Are you part of a company that wins work in NZ from government departments, agencies or from local government? If so, you might want to pay attention now:
In October 2018 the New Zealand Government announced that it 'recognised that its procurement activities offer a unique opportunity to achieve broader cultural, economic, environmental and social outcomes for New Zealand'.
Under the header of Broader Outcomes, the Government identified four priority outcomes for agencies to start focusing on:
1. Increasing access for NZ businesses
2. Construction skills and training
3. Improving conditions for NZ workers
4. Reducing emissions and waste.
Then, during 2019 the government introduced the Climate Change Response (Zero Carbon) Amendment Bill, the Wellbeing Budget, the Construction Accord and, most recently, the Transformation Plan.
These four initiatives are just some of the visible signs of its massive strategic emphasis on achieving a range of social, economic, cultural and environmental outcomes: specifically reducing carbon use and waste, increasing wellbeing and safety at work, doing more to support disadvantaged ‘priority’ populations, and doubling down on reducing cost.
In short, this strategy is about getting companies to focus - and deliver - on the following concept, acting as kiatiaki custodians / guardians.
This is part of a wider global phenomenon, but it has been uniquely New Zealand-ised through the inter-weaving of two fundamental Māori world view concepts: Kaitiaki (custodianship, guardianship, stewardship – guarding the sky, the sea, the land) and Hauora (a unique view of health and wellbeing that covers the physical, mental, social and spiritual needs that everyone has. Each of these concepts supports the others).
The Government is clear about what it now wants to see from supplier-partners in its orbit
In its public documents Kainga Ora is clear that it is all about ‘delivering public value: stewardship and assurance’, looking to ‘ensure the stewardship of public funds, and to provide excellent maintenance service outcomes to customers so they can live in warm, dry, safe and healthy homes.’ It will do this by operating ‘sustainable and inclusive procurement rules, as well as seeks broader outcomes for the public spend. This includes working with Suppliers to make sure they are sustainable, as well as providing a wellbeing environment for their workers to operate in.’
Watercare has embedded a long-term Enterprise Model that emphatically prioritises the right partnerships: ‘It is important to Watercare to partner with organisations whose cultural and collaborative behaviours align and are committed to delivering the best outcomes for our customers. It is important that everyone involved in the Enterprise Model is committed to our overarching 40:20:20 Vision.’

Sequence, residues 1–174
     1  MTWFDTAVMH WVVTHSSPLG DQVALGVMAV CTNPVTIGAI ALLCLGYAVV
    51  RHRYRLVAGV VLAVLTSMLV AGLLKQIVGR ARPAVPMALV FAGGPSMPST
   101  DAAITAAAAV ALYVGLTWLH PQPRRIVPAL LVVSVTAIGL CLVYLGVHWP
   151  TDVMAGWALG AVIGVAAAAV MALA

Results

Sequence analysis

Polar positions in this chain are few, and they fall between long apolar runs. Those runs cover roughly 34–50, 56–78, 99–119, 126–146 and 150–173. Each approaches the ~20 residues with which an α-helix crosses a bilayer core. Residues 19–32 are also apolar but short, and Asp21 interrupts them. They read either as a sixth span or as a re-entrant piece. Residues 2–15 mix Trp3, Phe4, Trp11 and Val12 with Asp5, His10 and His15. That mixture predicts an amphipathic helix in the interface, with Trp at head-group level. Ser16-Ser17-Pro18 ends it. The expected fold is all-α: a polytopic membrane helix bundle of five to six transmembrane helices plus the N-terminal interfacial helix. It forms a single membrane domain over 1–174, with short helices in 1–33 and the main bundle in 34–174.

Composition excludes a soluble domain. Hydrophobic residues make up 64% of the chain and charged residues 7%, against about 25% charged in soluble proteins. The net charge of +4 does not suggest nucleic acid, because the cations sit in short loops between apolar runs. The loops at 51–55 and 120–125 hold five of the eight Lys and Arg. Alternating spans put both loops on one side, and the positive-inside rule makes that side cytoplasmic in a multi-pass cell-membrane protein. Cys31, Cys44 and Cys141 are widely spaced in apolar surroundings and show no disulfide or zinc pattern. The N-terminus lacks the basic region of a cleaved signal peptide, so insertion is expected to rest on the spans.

What’s that? 40% reduction of carbon in construction by 2024, 20% reduction in cost by 2024, 20% reduction in the number of injuries year on year.
And these are just two of many, many organisations – all prioritising these concepts, and seeking ideas from supplier partners to increase ways to increase the numbers of disadvantaged people working in their companies, and do more to help other companies into the sector.
So what are you doing about it?
Time to take the test. Here we go:
Do you understand what the Broader Outcomes are about, and do your company policies, procedures, actions - and communications – match the Government’s language?
Do you already have a CSR policy, procedures and initiatives, but a) the documents need to be updated to reflect this new language, and/or b) have you already created new documents and initiatives under the Broader Outcomes structure?
Are you communicating what you are doing in these areas, so that central and local government clients can see how you are aligned with this new world?
If you said ‘Yes’ in answer to two or more of the questions above, well done. You’re well on the way to success. If however you said ‘No, I recommend that you need to give them urgent attention.
But only if you want to win work going forwards.
Of course, The Bridge can help you with this. We’re helping our clients to be clear about what the Broader Outcomes mean for them, and how they can shape their activities, documents and communications to ensure they are genuine – and communicative – agents of the changes that the government wants to see.